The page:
Reimagining Shopping Centers as Community Spaces
Retail stores were already facing a challenging reality before the COVID-19 pandemic, with uncertainty about the future of brick and mortar shops as consumer behavior changes with technology.
Too many stores were built over time. More people are shopping online. And now, growing inequality has left consumers with too little spending money after paying their bills. The pandemic and resulting restrictions have only accelerated these trends. Some stores are closing on commercial streets and in shopping centers.
Store vacancies mean fewer jobs and less tax revenue for the City. Vacancies also mean less rent money that owners have to maintain shopping centers. Vacant, unmaintained shopping centers become an eyesore for nearby businesses and communities.
We know that retail won’t be the same moving forward, but we can make a plan for improving retail areas throughout the city.
How do we fix shopping centers so that the stores in them can thrive? The City Planning Commission took a look at strip malls and shopping centers in Philadelphia and around the country to develop some ideas.
Make them safer. Reduce conflicts between cars and pedestrians in the parking lot. Build walkways through the parking lot and separate them from traffic with trees and shrubs. Reduce the conflicts between cars in the lot and cars on the roads next to them.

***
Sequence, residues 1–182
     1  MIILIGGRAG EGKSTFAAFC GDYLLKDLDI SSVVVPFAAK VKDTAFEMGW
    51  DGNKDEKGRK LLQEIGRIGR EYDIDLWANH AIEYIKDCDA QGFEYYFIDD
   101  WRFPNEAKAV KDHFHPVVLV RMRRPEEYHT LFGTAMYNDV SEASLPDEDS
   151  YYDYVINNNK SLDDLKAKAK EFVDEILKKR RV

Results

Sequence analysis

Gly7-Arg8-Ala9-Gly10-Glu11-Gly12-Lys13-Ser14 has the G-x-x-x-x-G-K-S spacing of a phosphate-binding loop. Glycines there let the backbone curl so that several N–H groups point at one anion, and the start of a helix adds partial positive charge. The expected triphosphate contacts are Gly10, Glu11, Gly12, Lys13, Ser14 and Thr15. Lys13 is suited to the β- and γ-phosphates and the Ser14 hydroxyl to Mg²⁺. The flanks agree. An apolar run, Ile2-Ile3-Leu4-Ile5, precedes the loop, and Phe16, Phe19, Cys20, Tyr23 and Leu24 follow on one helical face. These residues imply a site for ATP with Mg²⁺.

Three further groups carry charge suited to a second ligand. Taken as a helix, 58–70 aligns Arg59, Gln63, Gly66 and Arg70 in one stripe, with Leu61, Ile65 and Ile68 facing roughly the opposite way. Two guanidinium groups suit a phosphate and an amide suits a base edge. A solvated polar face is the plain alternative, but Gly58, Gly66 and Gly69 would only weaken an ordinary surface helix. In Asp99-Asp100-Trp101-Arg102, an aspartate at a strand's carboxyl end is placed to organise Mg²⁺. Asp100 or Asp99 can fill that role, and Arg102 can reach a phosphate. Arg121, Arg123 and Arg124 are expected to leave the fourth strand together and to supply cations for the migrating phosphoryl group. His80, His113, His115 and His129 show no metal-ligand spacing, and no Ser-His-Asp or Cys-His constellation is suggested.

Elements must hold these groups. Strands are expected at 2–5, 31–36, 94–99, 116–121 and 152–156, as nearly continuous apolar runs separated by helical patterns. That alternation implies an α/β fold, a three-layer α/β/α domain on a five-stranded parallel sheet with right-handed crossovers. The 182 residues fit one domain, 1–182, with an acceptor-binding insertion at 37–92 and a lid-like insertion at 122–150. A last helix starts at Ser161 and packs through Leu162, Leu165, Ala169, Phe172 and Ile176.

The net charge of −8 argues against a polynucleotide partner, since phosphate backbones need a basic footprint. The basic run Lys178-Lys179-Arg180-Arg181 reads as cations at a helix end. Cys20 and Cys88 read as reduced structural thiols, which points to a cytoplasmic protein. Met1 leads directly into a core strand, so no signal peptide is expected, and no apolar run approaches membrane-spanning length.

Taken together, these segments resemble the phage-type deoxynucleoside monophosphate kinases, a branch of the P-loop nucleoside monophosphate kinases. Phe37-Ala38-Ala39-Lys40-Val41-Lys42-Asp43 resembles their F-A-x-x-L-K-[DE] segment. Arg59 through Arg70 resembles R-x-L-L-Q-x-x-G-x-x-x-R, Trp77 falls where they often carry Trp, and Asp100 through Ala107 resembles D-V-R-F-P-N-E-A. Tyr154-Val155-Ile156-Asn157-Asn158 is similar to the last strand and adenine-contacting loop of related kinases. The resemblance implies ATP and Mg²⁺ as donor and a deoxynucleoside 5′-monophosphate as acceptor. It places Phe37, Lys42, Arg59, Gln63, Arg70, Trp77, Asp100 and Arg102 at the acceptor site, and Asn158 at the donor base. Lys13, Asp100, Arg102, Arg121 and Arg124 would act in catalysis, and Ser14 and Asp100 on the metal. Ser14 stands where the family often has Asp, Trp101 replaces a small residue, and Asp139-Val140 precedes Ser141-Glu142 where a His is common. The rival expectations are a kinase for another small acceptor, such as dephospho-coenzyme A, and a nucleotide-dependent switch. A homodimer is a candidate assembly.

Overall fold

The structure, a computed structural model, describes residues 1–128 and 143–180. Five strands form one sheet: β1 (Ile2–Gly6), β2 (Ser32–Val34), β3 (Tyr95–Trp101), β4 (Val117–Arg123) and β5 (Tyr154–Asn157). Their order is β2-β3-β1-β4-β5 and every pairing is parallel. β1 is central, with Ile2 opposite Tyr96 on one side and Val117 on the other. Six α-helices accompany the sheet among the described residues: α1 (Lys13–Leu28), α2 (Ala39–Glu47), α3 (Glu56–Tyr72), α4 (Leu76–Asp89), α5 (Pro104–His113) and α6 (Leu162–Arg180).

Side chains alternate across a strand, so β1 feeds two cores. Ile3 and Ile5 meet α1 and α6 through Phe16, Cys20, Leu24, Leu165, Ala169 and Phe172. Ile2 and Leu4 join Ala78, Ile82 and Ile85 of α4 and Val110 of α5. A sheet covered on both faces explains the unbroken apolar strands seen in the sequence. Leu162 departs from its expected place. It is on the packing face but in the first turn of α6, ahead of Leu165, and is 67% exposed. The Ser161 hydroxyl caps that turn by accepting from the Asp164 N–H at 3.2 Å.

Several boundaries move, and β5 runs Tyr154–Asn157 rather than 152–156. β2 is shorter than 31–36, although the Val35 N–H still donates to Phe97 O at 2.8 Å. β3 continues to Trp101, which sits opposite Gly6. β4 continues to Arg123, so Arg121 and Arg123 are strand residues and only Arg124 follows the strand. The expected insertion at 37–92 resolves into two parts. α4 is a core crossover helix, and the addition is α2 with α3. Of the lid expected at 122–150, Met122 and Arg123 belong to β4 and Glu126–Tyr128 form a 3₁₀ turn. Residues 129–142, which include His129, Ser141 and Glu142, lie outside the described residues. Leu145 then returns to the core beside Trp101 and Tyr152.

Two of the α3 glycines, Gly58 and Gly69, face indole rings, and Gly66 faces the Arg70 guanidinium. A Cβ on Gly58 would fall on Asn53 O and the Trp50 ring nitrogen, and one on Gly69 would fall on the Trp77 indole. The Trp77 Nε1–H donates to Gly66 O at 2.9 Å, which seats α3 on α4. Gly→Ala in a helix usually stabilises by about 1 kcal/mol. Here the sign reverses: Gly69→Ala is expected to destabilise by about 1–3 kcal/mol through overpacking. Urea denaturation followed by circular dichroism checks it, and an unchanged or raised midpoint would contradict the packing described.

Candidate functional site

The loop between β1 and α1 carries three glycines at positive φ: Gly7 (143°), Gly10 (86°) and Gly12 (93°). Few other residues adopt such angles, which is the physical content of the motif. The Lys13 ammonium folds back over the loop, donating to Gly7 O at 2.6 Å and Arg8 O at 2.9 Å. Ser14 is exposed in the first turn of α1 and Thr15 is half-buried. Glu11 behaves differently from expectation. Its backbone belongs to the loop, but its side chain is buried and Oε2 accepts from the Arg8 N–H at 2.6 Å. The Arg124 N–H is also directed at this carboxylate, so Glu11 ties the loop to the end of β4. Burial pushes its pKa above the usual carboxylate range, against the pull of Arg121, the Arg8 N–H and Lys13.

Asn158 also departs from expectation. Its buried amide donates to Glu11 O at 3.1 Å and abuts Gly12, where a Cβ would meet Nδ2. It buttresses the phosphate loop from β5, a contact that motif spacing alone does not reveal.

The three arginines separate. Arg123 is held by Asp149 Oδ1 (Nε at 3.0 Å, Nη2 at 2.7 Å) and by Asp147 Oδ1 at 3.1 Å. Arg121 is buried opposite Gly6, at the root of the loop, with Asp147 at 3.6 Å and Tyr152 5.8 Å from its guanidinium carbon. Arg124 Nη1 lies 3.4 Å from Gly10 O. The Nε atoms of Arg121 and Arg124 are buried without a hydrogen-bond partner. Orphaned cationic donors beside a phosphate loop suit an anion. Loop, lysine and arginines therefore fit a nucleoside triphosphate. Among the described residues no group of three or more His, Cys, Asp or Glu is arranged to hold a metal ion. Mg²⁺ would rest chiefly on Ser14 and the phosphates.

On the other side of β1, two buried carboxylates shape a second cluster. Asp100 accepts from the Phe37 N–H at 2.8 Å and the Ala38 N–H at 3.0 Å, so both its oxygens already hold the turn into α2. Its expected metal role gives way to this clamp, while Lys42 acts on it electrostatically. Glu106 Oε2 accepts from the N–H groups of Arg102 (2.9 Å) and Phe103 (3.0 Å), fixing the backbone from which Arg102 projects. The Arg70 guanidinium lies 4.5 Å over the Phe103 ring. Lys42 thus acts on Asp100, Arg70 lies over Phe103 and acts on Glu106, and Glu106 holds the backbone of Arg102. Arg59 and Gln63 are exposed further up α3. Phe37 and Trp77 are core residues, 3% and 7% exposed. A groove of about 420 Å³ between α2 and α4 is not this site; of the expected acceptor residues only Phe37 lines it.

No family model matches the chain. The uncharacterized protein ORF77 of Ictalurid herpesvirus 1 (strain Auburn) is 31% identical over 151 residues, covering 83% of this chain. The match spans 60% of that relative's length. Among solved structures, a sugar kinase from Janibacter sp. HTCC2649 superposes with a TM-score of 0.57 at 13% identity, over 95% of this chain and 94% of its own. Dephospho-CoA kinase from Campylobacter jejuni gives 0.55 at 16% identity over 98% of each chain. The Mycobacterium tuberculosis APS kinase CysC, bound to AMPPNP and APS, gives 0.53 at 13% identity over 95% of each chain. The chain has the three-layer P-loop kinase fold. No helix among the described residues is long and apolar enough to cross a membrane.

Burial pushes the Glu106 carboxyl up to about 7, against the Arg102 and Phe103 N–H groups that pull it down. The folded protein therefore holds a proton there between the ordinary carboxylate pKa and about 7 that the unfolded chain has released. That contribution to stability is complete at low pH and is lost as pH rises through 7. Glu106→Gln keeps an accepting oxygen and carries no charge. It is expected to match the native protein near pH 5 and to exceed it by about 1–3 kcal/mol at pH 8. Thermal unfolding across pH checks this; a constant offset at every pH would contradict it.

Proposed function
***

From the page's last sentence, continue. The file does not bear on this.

Make them more welcoming. Turn areas outside store entrances into public open space that connects the street to the store. Add transit stops and shuttle service so people without a car can more easily visit.
Make them more active. Allowing apartments, offices, and hotels will add more life – and more shoppers – to the centers. Adding small parks, benches, and outdoor dining will create spaces for people to stay instead of grab-and-go.
Stop overbuilding parking. Shopping centers almost never use all the parking they are forced to build. Let them build less.
Make them greener. Trees and other plants separate pedestrians from cars, offer shade, and soak up stormwater.
Create “Main Streets.” Orienting buildings towards walkways, drive aisles, and green spaces can make shoppers feel like they are downtown.
Allow medium-sized retail warehouses and smaller industrial businesses in some places. It can be convenient to shop online and pick up at a nearby shopping center.
Offer developers and owners of shopping centers incentives to change. This can be done through zoning changes, coordinating with public investments, and City programs for businesses.
Support small and local businesses as they adapt to the changing retail market, allowing them to stay in an upgraded shopping center. Many small businesses are minority and immigrant owned, serving vital services to communities and providing jobs for residents.
What’s Next? Stakeholders can:
Work with City Council and partner agencies to update the zoning and parking code.
Reach out to shopping center owners and business groups that may want to work together with the City to improve areas within and around shopping centers and strip malls.
Get the word out to residents and community groups so they can learn about and push good design principles.
To learn more, read the full report and executive summary. You may also reach out to PCPC at:
Greg Waldman, AICP email@example.com 215.683.4666